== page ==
Oil prices jumped more than 3% in early Asian trade on Monday, as OPEC+ considers cutting output by more than 1 million barrels a day for its biggest reduction since the pandemic, in a bid to support the market.
Brent crude futures rebounded $2.51, or 3%, to $87.65 a barrel by 0206 GMT, after settling down 0.6% on Friday. U.S. West Texas Intermediate crude was also up 3%, or $2.39, at $81.88 a barrel, after the previous session's loss of 2.1%.
Oil prices have tumbled for four straight months since June, as COVID-19 lockdowns in top energy consumer China hurt demand, while rising interest rates and a surging U.S. dollar weighed on global financial markets.
To support prices, the Organization of the Petroleum Exporting Countries and their allies, a group known as OPEC+, is considering an output cut of more than 1 million bpd ahead of Wednesday's meeting, OPEC+ sources told Reuters.
If agreed, this will be the group's second consecutive monthly cut after reducing output by 100,000 bpd last month.
However, OPEC+ missed its production targets by nearly 3 million bpd in July, two sources from the producer group said, as sanctions on some members and low investment by others stymied its ability to raise output.
"Anything less than 500,000 barrels a day would be shrugged off by the market. Therefore, we see a significant chance of a cut as large as 1 million barrels a day," ANZ analysts said in a note.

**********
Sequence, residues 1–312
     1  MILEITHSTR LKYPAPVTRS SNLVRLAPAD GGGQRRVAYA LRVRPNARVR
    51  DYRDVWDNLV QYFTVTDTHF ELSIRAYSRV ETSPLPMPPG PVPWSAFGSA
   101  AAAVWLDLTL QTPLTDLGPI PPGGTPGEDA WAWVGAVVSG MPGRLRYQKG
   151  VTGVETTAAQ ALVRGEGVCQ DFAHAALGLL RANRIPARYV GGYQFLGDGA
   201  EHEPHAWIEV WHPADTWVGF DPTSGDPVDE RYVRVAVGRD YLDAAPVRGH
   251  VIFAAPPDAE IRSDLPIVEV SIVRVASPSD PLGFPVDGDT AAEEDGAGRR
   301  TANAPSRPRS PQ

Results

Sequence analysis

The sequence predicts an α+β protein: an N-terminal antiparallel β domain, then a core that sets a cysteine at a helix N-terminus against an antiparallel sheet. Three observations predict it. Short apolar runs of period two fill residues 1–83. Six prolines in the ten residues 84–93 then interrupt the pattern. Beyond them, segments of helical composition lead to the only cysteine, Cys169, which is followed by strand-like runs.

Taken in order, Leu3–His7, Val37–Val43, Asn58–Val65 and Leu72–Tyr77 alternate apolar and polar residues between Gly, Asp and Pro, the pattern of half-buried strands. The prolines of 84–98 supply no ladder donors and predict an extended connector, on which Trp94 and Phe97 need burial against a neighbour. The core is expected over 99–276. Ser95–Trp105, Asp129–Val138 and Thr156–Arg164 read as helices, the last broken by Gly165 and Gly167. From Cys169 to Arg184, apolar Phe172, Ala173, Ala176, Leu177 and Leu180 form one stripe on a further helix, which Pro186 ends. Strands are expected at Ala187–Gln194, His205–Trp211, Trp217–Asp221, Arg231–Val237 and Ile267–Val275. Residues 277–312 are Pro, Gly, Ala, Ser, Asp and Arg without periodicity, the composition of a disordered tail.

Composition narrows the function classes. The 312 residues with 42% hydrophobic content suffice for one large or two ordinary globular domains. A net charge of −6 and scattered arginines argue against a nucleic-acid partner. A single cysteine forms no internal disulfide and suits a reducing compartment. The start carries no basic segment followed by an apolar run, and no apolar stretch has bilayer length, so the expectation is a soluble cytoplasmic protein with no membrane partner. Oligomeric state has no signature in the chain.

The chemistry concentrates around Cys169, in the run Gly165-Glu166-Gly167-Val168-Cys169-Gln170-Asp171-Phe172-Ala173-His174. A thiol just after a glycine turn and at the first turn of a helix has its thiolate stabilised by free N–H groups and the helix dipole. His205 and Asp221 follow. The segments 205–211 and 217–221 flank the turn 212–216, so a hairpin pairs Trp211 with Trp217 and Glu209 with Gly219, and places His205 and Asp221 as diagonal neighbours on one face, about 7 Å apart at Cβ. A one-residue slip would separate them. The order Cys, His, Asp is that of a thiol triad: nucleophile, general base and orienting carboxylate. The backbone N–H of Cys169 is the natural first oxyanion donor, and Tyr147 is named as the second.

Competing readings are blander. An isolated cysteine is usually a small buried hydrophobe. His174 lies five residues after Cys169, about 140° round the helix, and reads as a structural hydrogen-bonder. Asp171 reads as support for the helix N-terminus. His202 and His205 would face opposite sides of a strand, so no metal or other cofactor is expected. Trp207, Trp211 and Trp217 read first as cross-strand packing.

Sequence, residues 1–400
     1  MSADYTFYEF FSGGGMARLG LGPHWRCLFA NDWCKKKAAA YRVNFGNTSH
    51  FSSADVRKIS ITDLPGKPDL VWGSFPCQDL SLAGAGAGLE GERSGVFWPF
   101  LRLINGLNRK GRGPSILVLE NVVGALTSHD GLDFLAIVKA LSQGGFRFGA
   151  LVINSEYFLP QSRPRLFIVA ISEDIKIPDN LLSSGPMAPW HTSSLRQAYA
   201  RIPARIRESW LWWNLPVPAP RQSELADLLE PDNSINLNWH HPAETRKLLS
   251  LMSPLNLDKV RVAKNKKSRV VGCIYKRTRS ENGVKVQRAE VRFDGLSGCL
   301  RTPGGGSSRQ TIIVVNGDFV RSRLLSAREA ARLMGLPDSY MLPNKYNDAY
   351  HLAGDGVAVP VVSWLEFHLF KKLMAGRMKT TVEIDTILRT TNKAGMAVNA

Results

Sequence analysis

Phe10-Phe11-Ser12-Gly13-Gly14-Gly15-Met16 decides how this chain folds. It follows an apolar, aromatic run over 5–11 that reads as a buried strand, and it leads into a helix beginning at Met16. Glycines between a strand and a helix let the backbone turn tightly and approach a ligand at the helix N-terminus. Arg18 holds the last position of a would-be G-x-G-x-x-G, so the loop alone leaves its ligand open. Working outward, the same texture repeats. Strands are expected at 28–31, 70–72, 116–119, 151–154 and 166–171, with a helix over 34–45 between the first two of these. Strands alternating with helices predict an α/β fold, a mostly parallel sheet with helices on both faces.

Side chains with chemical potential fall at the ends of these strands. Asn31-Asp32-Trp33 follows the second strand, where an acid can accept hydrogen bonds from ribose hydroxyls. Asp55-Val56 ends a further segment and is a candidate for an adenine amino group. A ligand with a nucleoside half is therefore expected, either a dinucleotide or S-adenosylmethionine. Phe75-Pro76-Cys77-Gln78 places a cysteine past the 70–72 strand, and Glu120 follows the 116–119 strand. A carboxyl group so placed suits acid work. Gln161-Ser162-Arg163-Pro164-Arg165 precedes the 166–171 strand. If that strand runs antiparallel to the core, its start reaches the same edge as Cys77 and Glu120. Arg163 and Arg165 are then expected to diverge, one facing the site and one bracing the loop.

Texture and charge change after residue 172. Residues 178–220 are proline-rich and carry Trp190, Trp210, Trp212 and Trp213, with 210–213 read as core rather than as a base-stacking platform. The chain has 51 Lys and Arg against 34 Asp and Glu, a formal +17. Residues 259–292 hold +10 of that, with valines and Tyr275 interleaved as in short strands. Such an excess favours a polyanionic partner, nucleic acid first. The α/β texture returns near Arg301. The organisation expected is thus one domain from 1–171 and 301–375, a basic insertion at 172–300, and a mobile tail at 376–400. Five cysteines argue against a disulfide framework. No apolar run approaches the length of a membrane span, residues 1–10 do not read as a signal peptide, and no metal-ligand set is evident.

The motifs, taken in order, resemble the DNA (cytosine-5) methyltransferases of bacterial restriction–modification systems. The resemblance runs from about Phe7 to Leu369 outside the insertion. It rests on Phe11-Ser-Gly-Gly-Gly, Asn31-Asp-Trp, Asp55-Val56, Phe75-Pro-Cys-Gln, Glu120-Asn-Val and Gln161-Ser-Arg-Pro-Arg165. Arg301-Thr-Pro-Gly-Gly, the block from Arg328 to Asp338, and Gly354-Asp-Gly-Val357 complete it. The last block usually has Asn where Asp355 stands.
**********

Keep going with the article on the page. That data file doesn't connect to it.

While prompt Brent prices could strengthen further in the immediate short term, concerns over a global recession are likely to limit the upside, consultancy FGE said.
"If OPEC+ does decide to cut output in the near term, the resultant increase in OPEC+ spare capacity will likely put more downward pressure on long-dated prices," it said in a note on Friday.
Also on Friday, China issued its biggest quota for exports of oil products this year and topped up crude import quotas for independent refiners.
State and private refiners can export as much as 15 million tonnes of gasoline, diesel, jet fuel and low-sulphur fuel oil, adding much needed supplies into global markets to replace Russian exports the European Union embargoed in February.
However, analysts and traders said some of China's exports were likely to spill over into early 2023 as refiners will need time to ramp up.
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